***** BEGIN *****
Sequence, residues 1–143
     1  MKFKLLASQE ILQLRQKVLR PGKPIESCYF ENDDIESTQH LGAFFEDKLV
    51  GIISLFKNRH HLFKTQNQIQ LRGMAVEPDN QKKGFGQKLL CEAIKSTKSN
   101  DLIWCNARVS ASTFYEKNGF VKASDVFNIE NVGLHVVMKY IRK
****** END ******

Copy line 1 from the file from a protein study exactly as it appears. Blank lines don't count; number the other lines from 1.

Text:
Sequence, residues 1–143